What Does Your Address Book Say About You?

11/26/2012 12:46 EST | Updated 01/24/2013 05:12 EST

As I get myself all organized, lists made, the letters written and address book at the ready, I realized that my address book sheds light on my life, and as I work my way alphabetically through it, I see so many changes in the past year.

Sadly many have died, and their names are crossed out, leaving just their partner's name or no one at all. Others have since gotten divorced and again, their name stands alone or they have moved and there is a brand new entry (or if I am more honest a scrap of paper with the new address written on it.)

There are names of people I haven't seen in years. I maybe used to work with them, but our paths no longer cross and I ponder what has happened to them. And then there's those that I am not friendly with any more -- the friendship has gone sour and they are no longer in my inner circle of friends.

What is also interesting is that I don't have the addresses for my new friends, people I have met during the year and with whom I have formed a friendship. Makes me wonder what they need to do to "graduate" and become an address book entry?

Of course these days most people likely don't even have an address book but keep all the information on their computers. Certainly that is a more efficient and accurate way to keep track of friends and family. But then you wouldn't have the opportunity to revisit your memories of the people in your book or to reflect on what they mean to you.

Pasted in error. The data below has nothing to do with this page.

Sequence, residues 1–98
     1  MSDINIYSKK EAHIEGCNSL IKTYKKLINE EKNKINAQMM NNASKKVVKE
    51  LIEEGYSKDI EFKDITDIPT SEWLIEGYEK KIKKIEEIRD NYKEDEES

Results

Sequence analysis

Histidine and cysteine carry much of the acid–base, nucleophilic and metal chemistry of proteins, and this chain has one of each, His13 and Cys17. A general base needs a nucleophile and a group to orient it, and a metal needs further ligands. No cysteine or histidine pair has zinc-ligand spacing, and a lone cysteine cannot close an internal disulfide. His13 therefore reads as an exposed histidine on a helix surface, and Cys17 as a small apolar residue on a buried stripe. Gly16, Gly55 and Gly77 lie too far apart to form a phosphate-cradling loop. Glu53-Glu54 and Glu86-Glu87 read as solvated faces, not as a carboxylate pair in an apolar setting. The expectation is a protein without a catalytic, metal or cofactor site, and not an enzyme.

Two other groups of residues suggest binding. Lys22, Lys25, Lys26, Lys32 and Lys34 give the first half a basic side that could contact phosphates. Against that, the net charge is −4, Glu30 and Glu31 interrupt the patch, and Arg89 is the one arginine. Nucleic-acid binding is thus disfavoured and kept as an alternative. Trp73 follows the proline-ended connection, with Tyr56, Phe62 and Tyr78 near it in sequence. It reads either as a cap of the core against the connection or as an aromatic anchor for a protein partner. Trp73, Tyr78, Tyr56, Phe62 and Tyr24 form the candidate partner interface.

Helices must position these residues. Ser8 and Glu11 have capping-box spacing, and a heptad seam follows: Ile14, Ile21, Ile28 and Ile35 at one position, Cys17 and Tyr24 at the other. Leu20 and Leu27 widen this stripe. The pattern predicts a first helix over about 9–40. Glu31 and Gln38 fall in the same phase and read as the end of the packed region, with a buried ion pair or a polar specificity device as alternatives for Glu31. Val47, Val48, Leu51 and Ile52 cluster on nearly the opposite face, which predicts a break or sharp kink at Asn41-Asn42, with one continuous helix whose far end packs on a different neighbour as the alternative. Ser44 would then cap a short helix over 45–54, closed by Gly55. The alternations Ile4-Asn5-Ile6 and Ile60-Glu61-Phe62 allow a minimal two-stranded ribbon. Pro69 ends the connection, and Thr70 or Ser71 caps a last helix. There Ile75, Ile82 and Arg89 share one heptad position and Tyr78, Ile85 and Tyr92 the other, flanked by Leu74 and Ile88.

My address book reflects a life lived in two countries -- the UK and Canada -- and while we emigrated to Canada from the UK over 37 years ago, we still have maintained our relationships with friends back there. I look forward to our exchange of Christmas letters and when we go back, we visit and take up our friendship from where we left off.

I am also of an age where sadly friends have died and those lines through their names don't even begin to reveal my sense of loss at their passing.

But I am constantly making new friends which is exciting. I am fortunate because with my line of work in running Company of Women, I am always meeting such fascinating people and those fledgling relationships fuel my energy for what I am doing.

However, this year I realize that it is time to get a new address book so I can add the new folks and start afresh and get rid of the "baggage" from the past. My address book is like my life -- I am learning to accept what I can't change (death of friends), delete the negativity (soured relationships) and welcome with open arms the new (acquaintances fast becoming close friends.)

What would your address book tell you? Is it time to start over with a new book too? Do you need to clean house and remove some of the names? Or do you need to check in and recapture a friendship that has fallen off the tracks? Are there new people you want to include?

Think of your address book as a balance sheet on your life. Make sure the assets outweigh the liabilities. Writing off toxic or damaged relationships can be so freeing while reaching out to stay connected with people we care about can help us fill our lives with happiness.

Who knew that writing Christmas cards could be so illuminating?

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